George Washington to John Robinson, Speaker of the Virginia House of Burgesses, April 24, 1756
The Writings of George Washington, Volume II, by Jared Sparks
(Boston: Charles Tappan, 1846), pages 148-153
To John Robinson, Speaker of the House of Burgesses, Virginia.
Winchester, 24 April, 1756.
Yesterday I received yours by Mr. Kirkpatrick, and am sorry to hear of the reflections upon the conduct of the officers. I could wish that their names had been particularized, that justice might be done to the innocent and guilty; for it is extremely hard, that the whole corps should suffer reproaches for the inadvertence and misconduct of a few.
The deplorable situation of this people is no more to be described, than my anxiety and uneasiness for their relief. You may expect, by the time this comes to hand, that, without a considerable reinforcement, Frederic county will not be mistress of fifteen families. They are now retreating to the securest parts in droves of fifties. In short, every thing has too melancholy an appearance for pen to communicate. I have therefore sent an officer, whose good sense and judicious observations will be a more effectual way of transmitting an account of the people’s distresses.
I wish the Assembly had given two thousand, instead of fifteen hundred men, and that I had been acquainted with the dispositions they intended to make. Since I am ignorant of these, I hope it will not be thought presuming in me to offer my sentiments upon the subject.
We are, Sir, first to consider, that, if a chain of forts is to be erected upon our frontiers, it will be done with a design to protect the people; therefore, if these forts are more than fifteen or eighteen miles, or a day’s march, asunder, and garrisoned with less than eighty or a hundred men each, the object is not answered, and for these reasons. First, if they are at greater distances, it will be inconvenient for the soldiers to scout, and will allow the enemy to pass between undiscovered. Secondly if they are garrisoned with less than eighty or a hundred men, the number will be too few to afford detachments. Then, again, our frontiers are so extensive, that, were the enemy to attack us on the one side, they might, before the troops on the other could reach the spot, overrun and destroy half the country. And it is more than probable, if they had a design in one direction, they would make a feint in another. We are also to consider what sums the building of twenty forts, and the removing of stores and provisions to each, would cost. In the last place, we are to inquire where and when this expense will end. For, unless we endeavour to remove the cause, we shall be liable to the same incursions seven years hence as now, if the war continues, and the enemy is allowed to remain on the Ohio.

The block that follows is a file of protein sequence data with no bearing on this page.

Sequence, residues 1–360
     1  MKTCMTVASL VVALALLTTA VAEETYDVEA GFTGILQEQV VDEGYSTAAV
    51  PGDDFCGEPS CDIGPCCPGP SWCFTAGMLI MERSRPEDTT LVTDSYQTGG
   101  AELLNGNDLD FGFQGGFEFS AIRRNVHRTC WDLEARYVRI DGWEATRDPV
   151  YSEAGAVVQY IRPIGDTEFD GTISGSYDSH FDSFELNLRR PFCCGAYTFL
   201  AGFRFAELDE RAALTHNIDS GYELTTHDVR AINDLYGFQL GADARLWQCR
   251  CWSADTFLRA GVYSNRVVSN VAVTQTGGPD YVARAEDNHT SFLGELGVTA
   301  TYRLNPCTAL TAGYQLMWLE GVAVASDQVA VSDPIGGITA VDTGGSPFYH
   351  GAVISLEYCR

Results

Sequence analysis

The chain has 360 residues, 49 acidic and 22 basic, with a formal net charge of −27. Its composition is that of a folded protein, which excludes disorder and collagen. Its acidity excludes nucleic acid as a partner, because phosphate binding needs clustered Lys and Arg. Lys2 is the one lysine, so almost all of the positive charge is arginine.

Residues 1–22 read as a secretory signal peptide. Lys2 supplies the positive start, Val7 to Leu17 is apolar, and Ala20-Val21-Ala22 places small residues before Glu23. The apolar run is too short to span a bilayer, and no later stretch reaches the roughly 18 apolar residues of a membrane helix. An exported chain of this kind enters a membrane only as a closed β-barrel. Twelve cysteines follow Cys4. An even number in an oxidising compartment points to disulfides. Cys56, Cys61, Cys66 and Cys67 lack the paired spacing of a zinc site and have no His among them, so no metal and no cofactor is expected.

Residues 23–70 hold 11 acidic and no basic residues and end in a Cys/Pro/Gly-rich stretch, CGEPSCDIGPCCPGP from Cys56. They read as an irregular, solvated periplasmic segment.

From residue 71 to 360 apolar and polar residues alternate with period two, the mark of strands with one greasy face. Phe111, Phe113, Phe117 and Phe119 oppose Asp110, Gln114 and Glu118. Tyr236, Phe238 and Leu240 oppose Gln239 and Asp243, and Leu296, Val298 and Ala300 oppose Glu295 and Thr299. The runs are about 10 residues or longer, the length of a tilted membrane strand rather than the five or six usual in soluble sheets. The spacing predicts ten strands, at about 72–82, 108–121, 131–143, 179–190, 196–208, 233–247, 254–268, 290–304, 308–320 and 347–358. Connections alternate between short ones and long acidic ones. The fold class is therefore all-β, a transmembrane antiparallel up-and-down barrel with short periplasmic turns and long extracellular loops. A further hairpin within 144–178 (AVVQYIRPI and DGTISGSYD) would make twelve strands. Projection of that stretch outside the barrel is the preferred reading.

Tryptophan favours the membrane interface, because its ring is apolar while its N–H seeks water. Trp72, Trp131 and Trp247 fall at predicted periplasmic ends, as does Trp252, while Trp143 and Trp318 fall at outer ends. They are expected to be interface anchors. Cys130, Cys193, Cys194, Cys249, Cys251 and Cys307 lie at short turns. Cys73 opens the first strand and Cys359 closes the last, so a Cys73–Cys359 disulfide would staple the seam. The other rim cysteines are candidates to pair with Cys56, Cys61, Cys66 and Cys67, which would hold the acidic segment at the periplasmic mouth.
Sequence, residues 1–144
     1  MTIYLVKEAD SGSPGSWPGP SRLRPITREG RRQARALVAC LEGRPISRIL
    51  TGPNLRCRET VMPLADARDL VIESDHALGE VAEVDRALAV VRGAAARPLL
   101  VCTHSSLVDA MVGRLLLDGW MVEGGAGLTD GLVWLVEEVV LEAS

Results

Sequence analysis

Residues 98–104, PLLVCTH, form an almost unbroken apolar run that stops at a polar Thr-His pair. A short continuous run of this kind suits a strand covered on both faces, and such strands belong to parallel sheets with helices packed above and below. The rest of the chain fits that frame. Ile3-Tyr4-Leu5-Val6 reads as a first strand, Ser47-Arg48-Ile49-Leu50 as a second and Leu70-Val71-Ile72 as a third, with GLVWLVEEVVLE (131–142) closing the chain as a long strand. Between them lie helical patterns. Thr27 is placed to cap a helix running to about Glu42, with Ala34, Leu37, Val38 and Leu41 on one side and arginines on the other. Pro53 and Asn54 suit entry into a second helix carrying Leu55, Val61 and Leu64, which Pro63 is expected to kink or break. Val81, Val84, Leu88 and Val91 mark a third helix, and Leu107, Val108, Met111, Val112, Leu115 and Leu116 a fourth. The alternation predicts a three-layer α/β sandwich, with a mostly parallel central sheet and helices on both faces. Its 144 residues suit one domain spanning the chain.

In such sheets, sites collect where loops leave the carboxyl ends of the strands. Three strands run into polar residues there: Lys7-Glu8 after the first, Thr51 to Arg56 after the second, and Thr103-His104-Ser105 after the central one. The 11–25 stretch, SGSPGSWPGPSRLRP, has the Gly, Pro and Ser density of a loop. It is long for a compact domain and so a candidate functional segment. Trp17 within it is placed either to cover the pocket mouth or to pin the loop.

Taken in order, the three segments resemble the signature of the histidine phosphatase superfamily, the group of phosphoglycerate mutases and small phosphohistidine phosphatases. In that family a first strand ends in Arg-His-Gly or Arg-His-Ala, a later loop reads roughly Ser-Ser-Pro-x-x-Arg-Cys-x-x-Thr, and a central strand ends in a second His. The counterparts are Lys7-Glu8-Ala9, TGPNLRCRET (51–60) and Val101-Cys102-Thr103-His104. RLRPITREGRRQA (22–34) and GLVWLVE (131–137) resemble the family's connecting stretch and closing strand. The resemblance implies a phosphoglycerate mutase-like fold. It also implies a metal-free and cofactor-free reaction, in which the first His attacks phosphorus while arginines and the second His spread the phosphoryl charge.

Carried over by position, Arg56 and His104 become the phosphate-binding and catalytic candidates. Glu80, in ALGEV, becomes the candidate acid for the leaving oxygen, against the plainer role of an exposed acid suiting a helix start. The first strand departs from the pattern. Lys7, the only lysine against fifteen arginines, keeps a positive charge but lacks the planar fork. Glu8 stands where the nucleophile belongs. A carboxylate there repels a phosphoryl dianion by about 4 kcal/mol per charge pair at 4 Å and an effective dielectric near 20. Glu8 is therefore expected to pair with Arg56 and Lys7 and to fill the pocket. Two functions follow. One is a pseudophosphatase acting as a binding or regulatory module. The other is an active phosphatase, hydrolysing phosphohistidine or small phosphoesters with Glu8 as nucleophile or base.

I shall next give the reasons, which I think make for a defensive plan. If the neighbouring colonies refuse us their assistance, we have neither strength nor ability to conduct an expedition; and, if we had, and were the whole to join us, I do not see to what purpose, since we have neither a train of artillery, artillery-men, nor engineers to execute any scheme beyond the mountains against a regular fortress. Again, we have neither stores nor provisions, arms nor ammunition, wagons nor horses, in any degree proportioned to the service; and to undertake an affair, where we are sure to fall through, would be productive of the worst consequences. By another defeat we should entirely lose the interest of every Indian.
If, then, we cannot act offensively with a prospect of success, we must be upon the defensive; and that there is no way to protect the people, or save ourselves, but by a chain of forts, is certain.
I would beg leave, in that case, to propose that a strong fort should be erected at this place, for a general receptacle of all the stores, and a place of residence for the commanding officers, which may be garrisoned by one company for the security of the stores, serving also as escorts for wagons, that are going higher up. It is the most public and convenient post for intelligence of any in the country, and approaches nearest to the parts, that will ever be attacked by numbers.